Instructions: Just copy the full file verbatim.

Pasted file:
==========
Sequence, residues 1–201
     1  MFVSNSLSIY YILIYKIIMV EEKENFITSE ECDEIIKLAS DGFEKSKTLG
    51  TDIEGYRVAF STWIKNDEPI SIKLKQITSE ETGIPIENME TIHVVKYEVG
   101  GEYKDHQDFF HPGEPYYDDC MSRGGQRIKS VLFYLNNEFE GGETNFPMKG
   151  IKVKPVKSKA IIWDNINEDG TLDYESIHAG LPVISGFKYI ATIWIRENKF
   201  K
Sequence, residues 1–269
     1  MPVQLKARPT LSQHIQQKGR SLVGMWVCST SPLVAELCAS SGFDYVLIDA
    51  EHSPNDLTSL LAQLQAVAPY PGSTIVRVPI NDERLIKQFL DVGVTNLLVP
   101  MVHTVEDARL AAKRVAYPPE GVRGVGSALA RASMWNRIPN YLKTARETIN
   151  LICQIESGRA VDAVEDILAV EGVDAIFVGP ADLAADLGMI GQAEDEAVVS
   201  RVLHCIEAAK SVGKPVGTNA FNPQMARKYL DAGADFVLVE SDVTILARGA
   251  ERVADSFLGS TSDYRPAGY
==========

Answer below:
Sequence, residues 1–201
     1  MFVSNSLSIY YILIYKIIMV EEKENFITSE ECDEIIKLAS DGFEKSKTLG
    51  TDIEGYRVAF STWIKNDEPI SIKLKQITSE ETGIPIENME TIHVVKYEVG
   101  GEYKDHQDFF HPGEPYYDDC MSRGGQRIKS VLFYLNNEFE GGETNFPMKG
   151  IKVKPVKSKA IIWDNINEDG TLDYESIHAG LPVISGFKYI ATIWIRENKF
   201  K
Sequence, residues 1–269
     1  MPVQLKARPT LSQHIQQKGR SLVGMWVCST SPLVAELCAS SGFDYVLIDA
    51  EHSPNDLTSL LAQLQAVAPY PGSTIVRVPI NDERLIKQFL DVGVTNLLVP
   101  MVHTVEDARL AAKRVAYPPE GVRGVGSALA RASMWNRIPN YLKTARETIN
   151  LICQIESGRA VDAVEDILAV EGVDAIFVGP ADLAADLGMI GQAEDEAVVS
   201  RVLHCIEAAK SVGKPVGTNA FNPQMARKYL DAGADFVLVE SDVTILARGA
   251  ERVADSFLGS TSDYRPAGY